President Donald Trump's announcement that he's "cancelling" his predecessor's policy toward Cuba is a good deal less than meets the ear.
Trump's move, announced Friday in Miami, actually leaves in place most of the important elements of President Barack Obama's moves to open relations with the island.
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And while his policy has the stated aim of helping the country's nascent private sector, it contains a measure that could damage thousands of small-business people who host, feed and transport independent American travelers to Cuba.
Trump's policy keeps a U.S. Embassy open in Havana and allows U.S. airlines and cruise ships to continue service to Cuba. Cuban-Americans can still send money to relatives and travel to the island without restriction. U.S. farmers can continue selling their crops to the Cuban government.
The new policy aims to starve military-linked businesses of cash by banning any U.S. payments to them. It pledges to help the entrepreneurial class that has grown since President Raul Castro enacted changes after taking office a decade ago.
"Effective immediately, I am cancelling the previous administration's completely one-sided deal with Cuba," Trump said. "We will very strongly restrict American dollars flowing to the military, security and intelligence services that are the core of the Castro regime." He promised "concrete steps to ensure that investments flow directly to the people so they can open private businesses and begin to build their country's great, great future."
The policy will undoubtedly reduce the flow of cash to GAESA, the military-linked conglomerate that operates dozens of hotels and other tourism-related businesses. But those businesses host hundreds of thousands of Canadian, European and Latin American tourists a year, and do unfettered business with corporations from around the world, reducing the impact of any U.S. cutoff.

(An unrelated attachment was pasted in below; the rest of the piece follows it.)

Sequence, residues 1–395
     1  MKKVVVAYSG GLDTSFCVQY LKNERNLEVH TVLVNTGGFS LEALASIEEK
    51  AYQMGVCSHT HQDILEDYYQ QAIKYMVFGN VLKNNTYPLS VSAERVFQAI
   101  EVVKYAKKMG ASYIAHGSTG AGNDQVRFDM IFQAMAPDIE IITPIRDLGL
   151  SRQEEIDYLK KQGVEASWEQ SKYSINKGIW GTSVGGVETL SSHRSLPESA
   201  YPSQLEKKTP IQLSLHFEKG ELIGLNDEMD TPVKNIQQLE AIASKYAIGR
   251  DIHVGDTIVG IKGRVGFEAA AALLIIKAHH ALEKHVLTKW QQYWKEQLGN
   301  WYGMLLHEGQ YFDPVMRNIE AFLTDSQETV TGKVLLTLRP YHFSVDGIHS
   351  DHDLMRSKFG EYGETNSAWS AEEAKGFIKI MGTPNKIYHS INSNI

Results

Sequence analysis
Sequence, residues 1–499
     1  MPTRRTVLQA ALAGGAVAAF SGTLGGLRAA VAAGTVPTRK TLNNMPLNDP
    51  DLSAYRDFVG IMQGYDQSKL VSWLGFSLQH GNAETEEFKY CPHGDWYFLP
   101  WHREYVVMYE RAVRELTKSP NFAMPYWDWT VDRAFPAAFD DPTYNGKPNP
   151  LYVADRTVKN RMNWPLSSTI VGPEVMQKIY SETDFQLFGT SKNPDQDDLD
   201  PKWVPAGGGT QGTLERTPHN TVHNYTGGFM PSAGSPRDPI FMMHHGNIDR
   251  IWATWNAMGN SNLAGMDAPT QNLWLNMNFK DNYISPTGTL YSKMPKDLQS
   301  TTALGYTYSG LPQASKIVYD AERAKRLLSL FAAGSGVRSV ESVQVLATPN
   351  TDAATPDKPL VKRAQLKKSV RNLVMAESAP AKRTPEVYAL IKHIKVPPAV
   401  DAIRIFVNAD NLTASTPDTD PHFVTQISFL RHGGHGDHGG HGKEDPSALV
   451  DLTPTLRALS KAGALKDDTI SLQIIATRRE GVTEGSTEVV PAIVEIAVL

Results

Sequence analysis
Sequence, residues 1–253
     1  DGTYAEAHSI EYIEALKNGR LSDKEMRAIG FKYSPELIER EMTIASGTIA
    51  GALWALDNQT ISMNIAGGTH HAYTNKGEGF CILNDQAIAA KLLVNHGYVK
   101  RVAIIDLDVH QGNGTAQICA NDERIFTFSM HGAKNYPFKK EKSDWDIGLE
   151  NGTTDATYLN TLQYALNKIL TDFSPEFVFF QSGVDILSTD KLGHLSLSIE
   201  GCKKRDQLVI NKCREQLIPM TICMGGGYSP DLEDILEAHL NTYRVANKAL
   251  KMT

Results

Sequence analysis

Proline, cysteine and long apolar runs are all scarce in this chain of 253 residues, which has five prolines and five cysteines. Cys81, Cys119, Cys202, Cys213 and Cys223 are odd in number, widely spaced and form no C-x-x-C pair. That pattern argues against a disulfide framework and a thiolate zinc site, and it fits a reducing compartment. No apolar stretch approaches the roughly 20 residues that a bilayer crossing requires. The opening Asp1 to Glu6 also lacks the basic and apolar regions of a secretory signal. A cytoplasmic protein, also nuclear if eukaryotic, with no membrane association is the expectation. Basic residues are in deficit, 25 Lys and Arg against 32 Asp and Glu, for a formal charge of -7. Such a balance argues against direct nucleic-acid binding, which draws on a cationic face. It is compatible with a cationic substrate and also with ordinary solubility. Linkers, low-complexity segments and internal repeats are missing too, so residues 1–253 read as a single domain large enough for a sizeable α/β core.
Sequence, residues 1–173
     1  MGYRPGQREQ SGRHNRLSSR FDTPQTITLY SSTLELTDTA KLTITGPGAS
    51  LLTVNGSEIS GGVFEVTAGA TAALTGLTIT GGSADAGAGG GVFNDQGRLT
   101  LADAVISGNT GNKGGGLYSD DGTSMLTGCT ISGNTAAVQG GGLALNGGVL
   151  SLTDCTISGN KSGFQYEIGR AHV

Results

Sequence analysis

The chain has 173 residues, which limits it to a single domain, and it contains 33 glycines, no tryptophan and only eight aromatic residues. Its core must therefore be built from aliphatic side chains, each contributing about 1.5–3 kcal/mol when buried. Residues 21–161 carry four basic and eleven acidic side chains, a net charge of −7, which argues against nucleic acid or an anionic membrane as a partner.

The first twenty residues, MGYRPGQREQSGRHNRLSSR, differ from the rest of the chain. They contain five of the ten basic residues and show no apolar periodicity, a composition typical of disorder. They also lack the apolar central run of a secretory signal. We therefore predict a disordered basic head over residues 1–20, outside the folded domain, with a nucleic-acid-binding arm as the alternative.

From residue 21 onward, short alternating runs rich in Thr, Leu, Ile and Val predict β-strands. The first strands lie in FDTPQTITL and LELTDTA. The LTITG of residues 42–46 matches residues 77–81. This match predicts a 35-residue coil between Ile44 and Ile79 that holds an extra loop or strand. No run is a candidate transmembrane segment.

Weakening the impact further, Trump's policy carves out exceptions in the military ban for airlines, cruise ships, agricultural sales and remittances.
The policy also allows Americans to continue patronizing state-run hotels and other businesses that are not directly linked with Cuba's military and state-security services. And, of course, nothing prevents the Cuban government from simply moving revenue over to the military or state security, a vulnerability in the policy that the White House has not addressed.
The policy risks harming independent business people by restoring a requirement for most American travelers to visit Cuba as part of tightly regulated tour groups. The Cuban government has traditionally steered those tour groups to state-run business, meaning the majority of American travelers to Cuba will probably no longer be able to patronize private restaurants, bed-and-breakfasts and taxi drivers.
Private entrepreneurs say Americans represent a disproportionate share of their revenue because they spend more than other travelers for high-end services that badly run state-operated business typically cannot provide.
Trump also demanded the return of U.S. fugitives including Joanne Chesimard, a black militant convicted in 1977 of the murder of a New Jersey state trooper.
"The harboring of criminals and fugitives will end," Trump said. "You have no choice. It will end."
Many of the high-profile fugitives in Cuba are black or Puerto Rican militants who were offered political asylum by Fidel Castro during the 1970s and 1980s.
Cuba has repeatedly said it will not renege on the promise of the former president, who died in November.
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Michael Weissenstein on Twitter: https://twitter.com/mweissenstein